Also correct. The Janets certainly can be heard in Vegas, even after the Nellis ATC to Groom Lake approach handoff. In addition, Nellis and the DOE use multiple transmitter sites around the range and near Nellis so that the base stations (ground) can be heard in Vegas. The DOE as far as I know only "repeats" from the Apex transmitter site. ["Repeats" in quotes because the signals actually get to the remote transmitters using a radio link backbone.] Nellis has multiple sites well outside the range, such as Mt. Ella.

Note that there are three trunk radio systems around the Nellis range plus Vegas. The EDACs system used by Groom has a repeater at Nelllis, sites around range, and a repeater at Base Camp. The DOE and Nellis AFB share a P-16 Motorola trunk system with sites in the range, at Nellis AFB, Creech, and the DOE facility in North Las Vegas. There is a new P-25 Motorola system slowly being set up around the range. I have only heard the DOE on it. Nellis has been buying P-25 radios with AES-256 encryption.

The P-25 trunk radio system interferes with the P-16 (a few channels overlap). I believe the P-16 and most likely the EDACS system will be shut down eventually and only the P-25 system will be used. That is just a guess, but I don't see the DOE using a P-16 and P-25 system simultaneously forever. The EDACS system is very old.

There are 2 380MHz Navy "emergency" systems that can be heard in the range.



posted on Sep, 21 2012 @ 05:26 PM
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In today's military, there really is no need for HF at all. We would fly from like North Dakota to Hawaii and use the HF on the way and pick up a guy in Alaska.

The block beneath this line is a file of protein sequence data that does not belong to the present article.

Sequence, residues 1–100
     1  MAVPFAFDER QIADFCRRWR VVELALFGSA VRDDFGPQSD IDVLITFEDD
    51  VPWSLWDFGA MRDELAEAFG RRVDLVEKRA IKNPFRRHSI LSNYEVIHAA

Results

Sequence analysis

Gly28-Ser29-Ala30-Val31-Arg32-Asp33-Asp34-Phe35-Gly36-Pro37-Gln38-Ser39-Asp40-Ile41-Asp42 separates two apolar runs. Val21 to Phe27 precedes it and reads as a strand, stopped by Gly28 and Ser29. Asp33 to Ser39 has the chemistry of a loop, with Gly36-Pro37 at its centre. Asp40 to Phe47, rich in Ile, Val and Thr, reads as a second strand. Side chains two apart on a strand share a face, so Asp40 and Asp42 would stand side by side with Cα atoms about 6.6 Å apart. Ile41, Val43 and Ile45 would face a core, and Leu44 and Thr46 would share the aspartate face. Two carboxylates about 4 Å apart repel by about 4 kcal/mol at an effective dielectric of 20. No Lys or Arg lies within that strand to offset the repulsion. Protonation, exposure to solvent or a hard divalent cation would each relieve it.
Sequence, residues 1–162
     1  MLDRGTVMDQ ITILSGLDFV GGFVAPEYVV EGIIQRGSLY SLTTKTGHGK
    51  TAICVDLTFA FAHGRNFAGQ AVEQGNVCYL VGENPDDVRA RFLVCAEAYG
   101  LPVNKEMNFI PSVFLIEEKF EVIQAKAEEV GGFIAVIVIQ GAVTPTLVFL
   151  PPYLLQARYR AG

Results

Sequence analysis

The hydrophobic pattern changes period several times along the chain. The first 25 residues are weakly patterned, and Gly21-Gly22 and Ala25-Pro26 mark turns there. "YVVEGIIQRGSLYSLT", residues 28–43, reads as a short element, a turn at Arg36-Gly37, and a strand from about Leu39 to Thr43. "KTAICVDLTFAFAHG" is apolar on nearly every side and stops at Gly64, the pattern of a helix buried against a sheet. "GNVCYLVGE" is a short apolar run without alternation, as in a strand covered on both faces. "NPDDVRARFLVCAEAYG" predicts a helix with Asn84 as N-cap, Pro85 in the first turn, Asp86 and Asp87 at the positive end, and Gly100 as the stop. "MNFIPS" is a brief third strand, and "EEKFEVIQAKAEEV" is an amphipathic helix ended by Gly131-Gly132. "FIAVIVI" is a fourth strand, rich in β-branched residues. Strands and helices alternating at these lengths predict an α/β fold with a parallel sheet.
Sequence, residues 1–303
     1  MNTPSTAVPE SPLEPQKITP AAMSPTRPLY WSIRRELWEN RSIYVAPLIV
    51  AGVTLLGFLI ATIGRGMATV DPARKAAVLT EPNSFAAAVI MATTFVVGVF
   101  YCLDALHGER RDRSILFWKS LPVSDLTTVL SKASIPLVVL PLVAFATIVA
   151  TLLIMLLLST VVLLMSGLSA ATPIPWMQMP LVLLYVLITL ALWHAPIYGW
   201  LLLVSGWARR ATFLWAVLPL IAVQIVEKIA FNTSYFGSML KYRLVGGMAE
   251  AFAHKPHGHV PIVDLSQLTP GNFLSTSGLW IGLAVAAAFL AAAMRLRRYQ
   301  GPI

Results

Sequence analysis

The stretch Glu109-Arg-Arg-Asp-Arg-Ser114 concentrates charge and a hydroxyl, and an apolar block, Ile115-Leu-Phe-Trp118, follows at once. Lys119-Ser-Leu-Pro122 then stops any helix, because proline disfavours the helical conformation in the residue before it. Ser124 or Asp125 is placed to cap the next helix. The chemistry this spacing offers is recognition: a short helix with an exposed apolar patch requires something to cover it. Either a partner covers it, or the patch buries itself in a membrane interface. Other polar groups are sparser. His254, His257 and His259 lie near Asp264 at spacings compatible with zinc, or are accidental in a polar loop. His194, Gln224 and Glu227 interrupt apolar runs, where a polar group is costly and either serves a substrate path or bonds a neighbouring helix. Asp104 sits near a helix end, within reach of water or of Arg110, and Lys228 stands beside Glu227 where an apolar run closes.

But hell a KC-135 is 50 plus years old and it has the new satcom's 1 and 2 and data link. I'm willing to be they don't use the HF much anymore.

Edit: I guess I should say that HF is still probably required for over the pond flights. I know it used to be. Even for commercial traffic if I'm not mistaken.
edit on 21-9-2012 by boomer135 because: (no reason given)



posted on Sep, 21 2012 @ 05:32 PM
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reply to post by boomer135
 


We used to sit on Hickam and talk to people in Australia, when conditions were right. It didn't happen often, but occasionally it would happen.



posted on Sep, 21 2012 @ 06:20 PM
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reply to post by Zaphod58
 


The best I got was taking off out of Colombia and flying back to North Dakota. Instead of Puerto Rico, we got Alaska. lol



posted on Sep, 21 2012 @ 06:50 PM
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Originally posted by Zaphod58
reply to post by 46ACE
 


Again, they can't stop you from listening, except to encrypt them, which is what I said to begin with. But I have heard of Area 51 radio signals being picked up in Las Vegas. They were faint, but understandable. The radios in question generally are blocked by line of sight, such as mountains, but they CAN occasionally be picked up at much longer range than expected.


I agree: I figure if they can throw it out there I have every right to find it and demod it.

Well I've never tried; perhaps you were in a perfect spot to pick up a reflection. interesting...perhaps from a security patrol vehicle on a ridge some where? Believe me, I'm Not saying " it didn't happen.."


And Somebody here knows a hell of a lot more about"trunked" radio than I do.
.
edit on 21-9-2012 by 46ACE because: (no reason given)
edit on 21-9-2012 by 46ACE because: (no reason given)
edit on 21-9-2012 by 46ACE because: (no reason given)



posted on Sep, 22 2012 @ 01:50 AM
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reply to post by 46ACE
 


VHF comms are subject to knife edge diffraction. When you hear planes on the ground at Groom on my scanner recordings, they are probably being heard from knife edge diffraction, though I could also be hearing reflections. Most of the recording I make don't have line of sight to the ground, but I know the hot spots around the border where to monitor.